Shop Visit: SpeedFreak Speed Shop in Grants Pass, Oregon

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Grants Pass in Oregon sits on the banks of the Rogue River, and boasts a population of 36,000 souls. It’s not tiny, but it certainly isn’t a big city, which is what makes the concentration of cool gearhead stuff in the area such a pleasant surprise. From muscle car restoration shops and yearly two-stroke boat racing to the jaw-dropping metalwork of fabricator Randy Grubb, Grants Pass is buzzing with motorized activity, and because it’s not a big city, there’s still plenty of open space to take things out for exercise. We stopped in Grants Pass to visit Jake McDonald and his friends at SpeedFreak Speed Shop. We only had 24 hours in town, but Jake managed to serve us a picnic on a Dodge Charger, donuts in a big block Chevelle, and a raucous show of pull-started mayhem on the river during the annual Boatnik festival. Even more than that, we enjoyed meeting Jake’s buddies and getting a chance to see their project cars.

Jake’s interest in cars started with a show across the street from the house where he grew up. “I lived across the street from a market/deli where all the old local hot rodders would come get coffee basically every morning, and Saturdays would pretty much turn into full-on parking lot car shows.” It didn’t hurt that his dad was also into cars, giving little-kid Jake the opportunity to be thrown back in the passenger seat of such treasures as a ’78 Porsche 911 SC and a Ford Lightning. His dad runs a machine shop business, where Jake has worked since Jr. High, grinding carbide cutting tools and running some of the CNC mill and lathe projects. “On a day to day basis I might be doing anything from running parts to modifying tools by hand on the manual machines, or maintenance on the CNC tool grinders, which has been great for my general sense of attention to detail and mechanical engineering.” Jake has taken that basic understanding of machining and programming and started his own business as a custom car shop. “I started simple with machining the Speedfreak billet aluminum hood pin kits that I’ve been selling, but I have a lot more plans for parts to be featured in future builds. I’ve been a ‘maker’ for as long as I can remember, from Legos to drawing, so cars have really given me a massive canvas and a whole new medium to let my creativity go nuts with.”

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About a year ago, Jake had a chance to sharpen his fab skills with Randy Grubb-famous for the Jay Leno tank car, among other masterpieces. “I had approached a long time mutual friend, Don Tippit, about wanting to fabricate some aluminum engine bay panels for my Chevelle, as well as having an interest in learning aluminum fabrication and metal shaping for a variety of other applications with custom car building. Don got me together with Randy, and Randy was extremely nice about lending his time, space, tools, and teachings to help me get going building my own skillset, rather than just making the panels for me and sending me on my way. Even after the engine bay panels were done, he just kept saying ‘See ya tomorrow,’ so it went on to my learning how to make the aluminum seats, console, and door panels that are all in the Chevelle now. Randy and I get along great as friends, he’s an excellent teacher, and has the rare skill of looking at a piece with both an artist’s eye and an engineer’s, so learning from him has been an awesome experience.” Randy is helping Jake now to make a fully coachbuilt car, an aluminum body based off a Porsche 550, but on a VW chassis, with an electric motor. “With a flat torque curve and a target curb weight of less than 1,000 lbs, it should be a killer little autocross/street car.”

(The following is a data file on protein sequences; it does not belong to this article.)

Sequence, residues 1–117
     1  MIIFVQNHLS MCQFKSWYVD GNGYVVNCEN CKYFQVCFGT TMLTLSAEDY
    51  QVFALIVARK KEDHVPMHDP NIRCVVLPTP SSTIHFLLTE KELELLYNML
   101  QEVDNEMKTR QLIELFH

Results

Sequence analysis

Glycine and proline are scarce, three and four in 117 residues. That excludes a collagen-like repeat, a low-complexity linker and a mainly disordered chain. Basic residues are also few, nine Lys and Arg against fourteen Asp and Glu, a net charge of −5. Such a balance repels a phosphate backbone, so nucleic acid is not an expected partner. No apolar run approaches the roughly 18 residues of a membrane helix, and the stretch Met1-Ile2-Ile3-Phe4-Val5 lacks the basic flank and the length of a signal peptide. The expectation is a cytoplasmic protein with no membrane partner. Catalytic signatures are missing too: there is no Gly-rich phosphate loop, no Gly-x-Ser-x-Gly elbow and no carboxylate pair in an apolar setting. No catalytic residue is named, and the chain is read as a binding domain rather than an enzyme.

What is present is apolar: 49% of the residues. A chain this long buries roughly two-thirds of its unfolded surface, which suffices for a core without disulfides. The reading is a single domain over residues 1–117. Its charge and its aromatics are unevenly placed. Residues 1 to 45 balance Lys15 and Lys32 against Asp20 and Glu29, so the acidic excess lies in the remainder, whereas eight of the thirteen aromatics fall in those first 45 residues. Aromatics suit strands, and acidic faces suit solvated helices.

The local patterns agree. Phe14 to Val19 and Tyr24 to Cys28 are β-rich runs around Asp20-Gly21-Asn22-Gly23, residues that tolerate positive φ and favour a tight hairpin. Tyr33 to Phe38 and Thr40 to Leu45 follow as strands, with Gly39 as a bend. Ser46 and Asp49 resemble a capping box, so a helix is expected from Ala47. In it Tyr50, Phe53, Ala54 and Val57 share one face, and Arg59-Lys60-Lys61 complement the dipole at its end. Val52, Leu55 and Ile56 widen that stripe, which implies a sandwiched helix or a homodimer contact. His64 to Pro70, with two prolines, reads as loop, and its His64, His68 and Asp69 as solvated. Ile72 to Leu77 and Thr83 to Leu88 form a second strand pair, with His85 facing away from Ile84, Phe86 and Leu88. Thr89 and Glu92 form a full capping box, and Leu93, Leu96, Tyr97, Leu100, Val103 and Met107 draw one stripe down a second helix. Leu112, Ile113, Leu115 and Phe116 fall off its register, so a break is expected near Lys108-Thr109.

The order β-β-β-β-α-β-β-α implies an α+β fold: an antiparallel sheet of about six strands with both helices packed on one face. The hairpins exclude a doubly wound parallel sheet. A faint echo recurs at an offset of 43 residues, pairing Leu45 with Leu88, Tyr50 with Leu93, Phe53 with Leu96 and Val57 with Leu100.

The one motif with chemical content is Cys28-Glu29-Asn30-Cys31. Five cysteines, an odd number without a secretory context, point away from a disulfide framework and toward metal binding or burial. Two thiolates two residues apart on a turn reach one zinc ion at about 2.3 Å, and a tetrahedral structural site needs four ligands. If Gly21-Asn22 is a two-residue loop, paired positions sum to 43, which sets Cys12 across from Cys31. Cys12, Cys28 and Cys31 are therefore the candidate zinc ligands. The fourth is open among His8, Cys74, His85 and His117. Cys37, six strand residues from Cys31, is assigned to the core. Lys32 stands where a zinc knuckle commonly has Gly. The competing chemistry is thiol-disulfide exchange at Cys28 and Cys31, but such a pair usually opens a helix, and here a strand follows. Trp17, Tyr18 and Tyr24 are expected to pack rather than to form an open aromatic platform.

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Right now Jake lives in his shop and works on the projects there after his work at the machine shop, but down the road he hopes to build customs fulltime, as well as run an apparel brand with his original artwork. “I’m a big fan of Magnus Walker, both in his build style, as well as his freedom to build his cars 100% in his own vision. I’d like to be able to build at a high level, in my own vision.” In the meantime, Jake is much like the rest of us, working on projects a little bit at a time, with plenty of breaks to goof off with his buddies, or work on their cars. Here’s what was in the shop when we stopped by.


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1967 Chevrolet Chevelle

Jake bought the Chevy right out of high school and drove it until a crash in heavy fog led to a near disaster. He could have abandoned it, but instead he found donor frame, did the repairs and went for an upgrade. In the engine bay is a gen IV 454 which he warmed-up with a custom cam grind, closed chamber heads and forged flat top pistons for about 10:1 static compression. It’s topped by a 670 Holley street avenger and CVF Racing serpentine kit. Behind the engine is a 700r4 and an 8.5-inch late model 10-bolt rear end out of a Caprice interceptor, with Yukon 3.73 gears and a Detroit Truetrac. Inside is a custom seat, and there are other examples of Jake’s metalwork around the engine bay.

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1969 Dodge Charger

Like so many of us, Jake had an ultimate dream car, and like so many of us, it was a Dodge Charger. Maybe it’s too many viewings of Dirty Mary, Crazy Larry. Jake’s car came to him via the previous owner who did one of the “take it all apart and give up,” deals. It’s a real R/T SE car, and when Jake is done with it, the 440 will have a supercharger, EFI, and be backed by a Viper t56 6-speed. “Should be fun,” he says. Yeah, you think?

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The Gambler Jav

We actually met Jake when he invited us to join his team for this summer’s Pacific Northwest Gambler race, which unfortunately falls exactly on the same date as a Roadkill Zip-Tie Drags event. Boo. “The Javelin now known as The Harpoonigan is a team effort between my friends Cody, Casey, and me. We scored a $500 Craigslist find, and plan for mad-max’d-out, Gambler 500 glory…if the 304 holds together and we don’t hit the threshold of fatal rust inhalation.”